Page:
But no more. As low yields and limited return potential constrain the ability of bonds to offset the volatility of stocks, the effort to reduce portfolio volatility with traditional fixed income strategies has become increasingly costly. Earnings from traditional fixed income sectors have dwindled. Against this backdrop, investors ought to consider hybrid investment strategies that don’t rely on risk management from other allocations within the portfolio but instead offer a mix of return, risk, income and liquidity that meets the investors’ long-term objectives. We recently outlined the potential for capital structure to offer this type of investment profile via the use of mezzanine debt. Here, we focus on an entirely different pathway—optionality—to arrive at a similar result.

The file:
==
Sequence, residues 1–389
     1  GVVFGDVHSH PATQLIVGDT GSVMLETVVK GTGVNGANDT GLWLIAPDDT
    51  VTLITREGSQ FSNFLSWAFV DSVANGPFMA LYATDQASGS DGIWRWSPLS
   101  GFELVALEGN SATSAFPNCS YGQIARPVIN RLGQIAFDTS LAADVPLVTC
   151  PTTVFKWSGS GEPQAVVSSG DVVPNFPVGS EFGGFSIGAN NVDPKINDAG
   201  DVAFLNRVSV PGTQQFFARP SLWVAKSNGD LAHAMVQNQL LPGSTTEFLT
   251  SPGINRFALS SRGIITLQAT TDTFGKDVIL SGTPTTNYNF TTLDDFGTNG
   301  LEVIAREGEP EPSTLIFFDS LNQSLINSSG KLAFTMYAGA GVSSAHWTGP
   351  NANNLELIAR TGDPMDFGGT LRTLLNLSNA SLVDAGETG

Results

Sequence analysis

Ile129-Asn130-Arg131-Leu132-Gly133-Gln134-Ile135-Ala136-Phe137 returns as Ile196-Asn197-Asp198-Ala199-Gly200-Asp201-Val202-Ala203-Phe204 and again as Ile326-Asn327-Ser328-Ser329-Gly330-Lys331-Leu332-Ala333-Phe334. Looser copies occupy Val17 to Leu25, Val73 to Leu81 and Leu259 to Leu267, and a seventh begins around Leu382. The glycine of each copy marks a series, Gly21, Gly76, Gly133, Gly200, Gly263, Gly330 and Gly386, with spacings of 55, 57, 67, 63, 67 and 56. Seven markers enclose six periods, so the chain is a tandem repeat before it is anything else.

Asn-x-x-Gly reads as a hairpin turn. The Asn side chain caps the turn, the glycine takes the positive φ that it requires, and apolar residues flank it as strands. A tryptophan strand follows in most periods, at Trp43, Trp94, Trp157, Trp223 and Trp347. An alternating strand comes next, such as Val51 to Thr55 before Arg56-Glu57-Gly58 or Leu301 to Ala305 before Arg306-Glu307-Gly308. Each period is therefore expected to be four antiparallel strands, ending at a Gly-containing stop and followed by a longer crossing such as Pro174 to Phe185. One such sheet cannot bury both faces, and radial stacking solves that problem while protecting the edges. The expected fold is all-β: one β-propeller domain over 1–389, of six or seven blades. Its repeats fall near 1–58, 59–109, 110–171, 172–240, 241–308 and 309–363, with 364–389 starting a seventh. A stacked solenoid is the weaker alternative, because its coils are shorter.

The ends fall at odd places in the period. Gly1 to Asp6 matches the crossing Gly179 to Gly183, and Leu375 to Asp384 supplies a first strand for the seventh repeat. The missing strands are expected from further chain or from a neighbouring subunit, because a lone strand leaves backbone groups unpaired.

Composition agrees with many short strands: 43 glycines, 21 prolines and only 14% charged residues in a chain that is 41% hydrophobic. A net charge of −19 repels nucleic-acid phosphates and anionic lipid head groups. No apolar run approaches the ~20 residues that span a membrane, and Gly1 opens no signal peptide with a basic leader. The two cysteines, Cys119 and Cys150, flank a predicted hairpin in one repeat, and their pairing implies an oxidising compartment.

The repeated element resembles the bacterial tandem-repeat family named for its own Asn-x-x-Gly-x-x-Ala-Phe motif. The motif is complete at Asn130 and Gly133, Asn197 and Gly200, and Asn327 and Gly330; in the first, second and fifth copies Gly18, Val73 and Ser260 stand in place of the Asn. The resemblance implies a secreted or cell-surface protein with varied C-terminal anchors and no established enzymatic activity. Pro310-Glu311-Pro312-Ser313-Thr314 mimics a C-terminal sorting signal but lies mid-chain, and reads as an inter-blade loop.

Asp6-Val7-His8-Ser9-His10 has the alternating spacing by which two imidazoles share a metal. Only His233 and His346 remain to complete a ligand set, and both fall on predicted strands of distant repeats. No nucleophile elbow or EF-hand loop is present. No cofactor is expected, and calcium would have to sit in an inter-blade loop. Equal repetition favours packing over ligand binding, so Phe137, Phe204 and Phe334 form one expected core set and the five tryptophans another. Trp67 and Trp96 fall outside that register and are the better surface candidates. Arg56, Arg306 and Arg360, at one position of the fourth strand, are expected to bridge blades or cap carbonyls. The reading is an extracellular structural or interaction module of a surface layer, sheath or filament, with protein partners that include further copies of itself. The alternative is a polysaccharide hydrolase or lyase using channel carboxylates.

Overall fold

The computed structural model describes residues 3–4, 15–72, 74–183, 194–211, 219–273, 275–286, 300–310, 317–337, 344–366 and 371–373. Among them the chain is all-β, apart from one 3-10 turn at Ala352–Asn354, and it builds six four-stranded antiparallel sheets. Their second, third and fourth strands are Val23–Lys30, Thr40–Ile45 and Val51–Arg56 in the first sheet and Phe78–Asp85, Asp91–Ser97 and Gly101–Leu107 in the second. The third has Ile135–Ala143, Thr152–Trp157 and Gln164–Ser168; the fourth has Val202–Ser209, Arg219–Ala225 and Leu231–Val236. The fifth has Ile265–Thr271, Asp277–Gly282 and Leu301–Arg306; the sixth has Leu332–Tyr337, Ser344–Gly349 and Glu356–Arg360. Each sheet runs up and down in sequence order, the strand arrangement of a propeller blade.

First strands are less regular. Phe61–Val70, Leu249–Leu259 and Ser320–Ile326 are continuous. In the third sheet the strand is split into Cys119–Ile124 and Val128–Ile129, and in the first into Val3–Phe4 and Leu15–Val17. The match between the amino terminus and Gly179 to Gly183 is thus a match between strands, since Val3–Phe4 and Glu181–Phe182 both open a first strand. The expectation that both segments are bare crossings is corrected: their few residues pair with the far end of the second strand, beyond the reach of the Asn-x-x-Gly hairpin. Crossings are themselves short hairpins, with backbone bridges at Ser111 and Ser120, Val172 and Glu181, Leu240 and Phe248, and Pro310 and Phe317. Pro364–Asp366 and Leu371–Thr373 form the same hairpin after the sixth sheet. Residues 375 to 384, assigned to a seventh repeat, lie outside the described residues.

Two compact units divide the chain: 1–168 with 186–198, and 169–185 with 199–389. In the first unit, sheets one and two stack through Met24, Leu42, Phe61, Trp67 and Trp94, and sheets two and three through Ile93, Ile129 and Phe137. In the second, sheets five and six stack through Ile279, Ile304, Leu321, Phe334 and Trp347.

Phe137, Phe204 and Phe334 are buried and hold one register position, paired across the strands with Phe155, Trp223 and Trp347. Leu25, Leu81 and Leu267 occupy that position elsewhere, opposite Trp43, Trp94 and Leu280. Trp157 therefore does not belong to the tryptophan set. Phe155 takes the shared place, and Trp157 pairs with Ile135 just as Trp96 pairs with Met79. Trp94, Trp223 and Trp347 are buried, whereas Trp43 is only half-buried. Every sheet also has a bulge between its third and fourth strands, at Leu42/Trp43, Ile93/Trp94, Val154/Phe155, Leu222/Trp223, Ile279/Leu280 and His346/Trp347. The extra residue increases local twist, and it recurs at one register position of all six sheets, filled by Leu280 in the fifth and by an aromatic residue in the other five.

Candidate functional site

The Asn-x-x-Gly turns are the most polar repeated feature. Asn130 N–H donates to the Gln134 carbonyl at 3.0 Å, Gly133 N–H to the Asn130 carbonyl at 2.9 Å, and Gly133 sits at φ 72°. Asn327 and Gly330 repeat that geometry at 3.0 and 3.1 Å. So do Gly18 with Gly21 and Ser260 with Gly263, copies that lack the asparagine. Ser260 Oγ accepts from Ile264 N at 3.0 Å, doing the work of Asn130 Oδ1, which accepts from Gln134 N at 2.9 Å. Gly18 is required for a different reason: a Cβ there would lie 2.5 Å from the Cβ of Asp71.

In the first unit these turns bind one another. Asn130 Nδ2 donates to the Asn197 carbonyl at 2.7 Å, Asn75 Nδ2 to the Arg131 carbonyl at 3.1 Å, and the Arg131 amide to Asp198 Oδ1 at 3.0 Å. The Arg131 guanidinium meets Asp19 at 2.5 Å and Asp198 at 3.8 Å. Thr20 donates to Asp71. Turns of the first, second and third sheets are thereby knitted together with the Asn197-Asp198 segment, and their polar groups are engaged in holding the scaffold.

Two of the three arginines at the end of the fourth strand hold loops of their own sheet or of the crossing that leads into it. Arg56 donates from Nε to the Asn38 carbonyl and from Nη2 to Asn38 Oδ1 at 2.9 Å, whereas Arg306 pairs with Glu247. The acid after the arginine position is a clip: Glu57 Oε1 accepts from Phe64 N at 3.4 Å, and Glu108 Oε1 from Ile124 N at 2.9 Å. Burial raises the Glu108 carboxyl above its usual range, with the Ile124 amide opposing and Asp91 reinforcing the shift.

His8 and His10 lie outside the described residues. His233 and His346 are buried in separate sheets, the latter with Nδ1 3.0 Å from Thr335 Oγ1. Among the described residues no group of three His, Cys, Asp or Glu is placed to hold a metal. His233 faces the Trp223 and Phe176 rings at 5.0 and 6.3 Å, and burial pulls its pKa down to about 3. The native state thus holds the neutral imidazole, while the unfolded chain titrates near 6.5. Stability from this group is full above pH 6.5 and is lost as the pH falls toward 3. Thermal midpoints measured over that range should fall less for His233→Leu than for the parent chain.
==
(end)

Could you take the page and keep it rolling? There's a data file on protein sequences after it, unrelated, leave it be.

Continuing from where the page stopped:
Combining prudent, disciplined call writing with an active equity portfolio can solve a number of potential needs. The pairing can serve as a low volatility equity substitute, a yield-generating replacement for credit or a component of a more diversified income generation strategy. We refer to this approach as an equity premium income strategy. The strategy involves complexity, and skill is required to implement it, but—as we will demonstrate below—the net result is a unique and potentially valuable tool.
Selling volatility in the options market